1845, Saphary and Valette are still professors of Condillac's
philosophy in the two lycées in Paris.

[44] The world did not heed Taine's warnings. The leaders and the
masses of the Western world were to be seduced by the terrible new
ideologies of the 20th century. The ideology of socialism persists
making good use of the revised 20th century editions of the Rights
of Man, enlarged to cover the physical well-being and standard of
living of man, woman, child and animal and in this manner allowing
the state to replace all individual responsibility and authority,
thus, as Taine saw, dealing a death blow to the family, to
individual responsibility and enterprise and to effective local
government. (SR.).



The doctrine, its pretensions, and its character. - A new authority
for Reason in the regulation of human affairs. - Government thus far

OUT of the scientific acquisitions thus set forth, elaborated by
the spirit we have just described, is born a doctrine, seemingly a
revelation, and which, under this title, was to claim the government
of human affairs. On the approach of 1789 it is generally admitted
that man is living in "a century of light," in "the age of Reason;"
that, previously, the human species was in its infancy and that now it
has attained to its "majority." Truth, finally, is made manifest and,
for the first time, its reign on earth is apparent. The right is
supreme because it is truth itself. It must direct all things because
through its nature it is universal. The philosophy of the eighteenth
century, in these two articles of faith, resembles a religion, the
Puritanism of the seventeenth century, and Islam in the seventh
century. We see the same outburst of faith, hope and enthusiasm, the
same spirit of propaganda and of dominion, the same rigidity and
intolerance, the same ambition to recast man and to remodel human life
according to a preconceived type. The new doctrine is also to have its
scholars, its dogmas, its popular catechism, its fanatics, its
inquisitors and its martyrs. It is to speak as loudly as those
preceding it, as a legitimate authority to which dictatorship belongs
by right of birth, and against which rebellion is criminal or insane.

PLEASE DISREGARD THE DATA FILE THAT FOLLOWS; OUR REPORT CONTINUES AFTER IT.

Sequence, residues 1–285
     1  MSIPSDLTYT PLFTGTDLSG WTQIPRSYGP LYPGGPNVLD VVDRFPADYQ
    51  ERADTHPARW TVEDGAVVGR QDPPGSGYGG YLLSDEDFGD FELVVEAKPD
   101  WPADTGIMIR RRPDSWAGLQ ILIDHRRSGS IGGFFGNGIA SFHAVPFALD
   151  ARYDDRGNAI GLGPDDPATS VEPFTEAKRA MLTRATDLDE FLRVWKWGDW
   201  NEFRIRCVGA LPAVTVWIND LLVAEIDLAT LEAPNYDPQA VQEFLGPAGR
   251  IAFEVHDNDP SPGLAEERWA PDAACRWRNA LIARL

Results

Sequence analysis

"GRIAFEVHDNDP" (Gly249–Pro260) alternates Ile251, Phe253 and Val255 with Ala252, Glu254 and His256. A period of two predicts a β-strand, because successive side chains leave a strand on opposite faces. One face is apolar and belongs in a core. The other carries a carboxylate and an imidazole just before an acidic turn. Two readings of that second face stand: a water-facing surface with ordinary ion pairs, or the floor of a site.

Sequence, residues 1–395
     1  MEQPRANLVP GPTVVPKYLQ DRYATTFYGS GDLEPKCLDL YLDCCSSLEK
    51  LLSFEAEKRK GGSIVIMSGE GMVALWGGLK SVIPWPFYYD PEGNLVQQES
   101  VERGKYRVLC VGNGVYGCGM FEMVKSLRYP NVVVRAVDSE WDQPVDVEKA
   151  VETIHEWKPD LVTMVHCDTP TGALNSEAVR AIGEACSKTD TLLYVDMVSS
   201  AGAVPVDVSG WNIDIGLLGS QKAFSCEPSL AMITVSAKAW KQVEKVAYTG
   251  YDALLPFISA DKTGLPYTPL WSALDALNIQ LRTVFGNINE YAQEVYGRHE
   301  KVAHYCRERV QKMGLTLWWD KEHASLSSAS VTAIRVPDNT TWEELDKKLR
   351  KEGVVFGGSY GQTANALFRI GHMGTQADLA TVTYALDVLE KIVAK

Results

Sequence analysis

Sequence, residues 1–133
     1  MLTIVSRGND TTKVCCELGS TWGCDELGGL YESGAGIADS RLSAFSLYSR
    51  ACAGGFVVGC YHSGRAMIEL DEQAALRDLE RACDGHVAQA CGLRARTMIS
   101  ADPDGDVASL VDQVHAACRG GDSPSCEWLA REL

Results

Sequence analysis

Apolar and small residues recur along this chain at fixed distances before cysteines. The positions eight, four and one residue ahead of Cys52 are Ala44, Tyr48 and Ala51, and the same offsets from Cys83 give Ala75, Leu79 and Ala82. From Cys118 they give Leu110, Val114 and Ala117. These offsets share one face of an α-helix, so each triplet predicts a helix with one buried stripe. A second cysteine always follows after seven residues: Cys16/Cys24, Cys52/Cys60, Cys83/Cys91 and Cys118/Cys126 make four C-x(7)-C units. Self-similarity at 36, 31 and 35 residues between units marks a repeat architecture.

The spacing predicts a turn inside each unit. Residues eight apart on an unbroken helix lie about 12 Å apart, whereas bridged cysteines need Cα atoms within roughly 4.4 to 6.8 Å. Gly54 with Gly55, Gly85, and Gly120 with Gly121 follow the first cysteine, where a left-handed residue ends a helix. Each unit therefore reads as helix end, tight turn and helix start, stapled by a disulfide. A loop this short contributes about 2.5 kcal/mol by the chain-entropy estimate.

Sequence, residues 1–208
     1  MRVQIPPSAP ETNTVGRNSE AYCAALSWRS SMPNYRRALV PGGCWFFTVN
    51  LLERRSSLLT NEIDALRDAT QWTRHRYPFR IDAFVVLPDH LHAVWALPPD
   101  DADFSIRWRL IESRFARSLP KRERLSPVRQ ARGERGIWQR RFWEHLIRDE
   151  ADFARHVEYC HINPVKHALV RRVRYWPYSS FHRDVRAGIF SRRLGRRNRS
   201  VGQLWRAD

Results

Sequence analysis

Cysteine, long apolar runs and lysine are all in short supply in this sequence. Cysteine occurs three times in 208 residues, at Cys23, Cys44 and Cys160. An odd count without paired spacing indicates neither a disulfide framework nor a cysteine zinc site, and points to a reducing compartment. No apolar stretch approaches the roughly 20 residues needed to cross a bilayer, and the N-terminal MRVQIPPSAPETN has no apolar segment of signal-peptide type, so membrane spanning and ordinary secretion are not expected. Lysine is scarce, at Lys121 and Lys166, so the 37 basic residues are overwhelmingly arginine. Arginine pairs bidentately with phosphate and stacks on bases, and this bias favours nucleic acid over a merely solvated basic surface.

It differs, however, from the preceding religions in this respect,
that instead of imposing itself in the name of God, it imposes itself
in the name of Reason.

The authority, indeed, was a new one. Up to this time, in the
control of human actions and opinions, Reason had played but a small
and subordinate part. Both the motive and its direction were obtained
elsewhere; faith and obedience were an inheritance; a man was a
Christian and a subject because he was born Christian and subject. --
Surrounding the nascent philosophy and the Reason which enters upon
its great investigation, is a system of recognized laws, an
established power, a reigning religion; all the stones of this
structure hold together and each story is supported by a preceding
story. But what does the common cement consist of, and where is the
basic foundation? -- Who sanctions all these civil regulations which
control marriages, testaments, inheritances, contracts, property and
persons, these fanciful and often contradictory regulations? In the
first place immemorial custom, varying according to the province,
according to the title to the soil, according to the quality and
condition of the person; and next, the will of the king who caused the
custom to be inscribed and who sanctioned it. -- Who authorizes this
will, this sovereignty of the prince, this first of public
obligations? In the first place, eight centuries of possession, a
hereditary right similar to that by which each one enjoys his own
field and domain, a property established in a family and transmitted
from one eldest son to another, from the first founder of the State to
his last living successor; and, in addition to this, a religion
directing men to submit to the constituted powers. -- And who,
finally, authorizes this religion? At first, eighteen centuries of
tradition, the immense series of anterior and concordant proofs, the
steady belief of sixty preceding generations; and after this, at the
beginning of it, the presence and teachings of Christ, then, farther
back, the creation of the world, the command and the voice of God. --
Thus, throughout the moral and social order of things the past
justifies the present; antiquity provides its title, and if beneath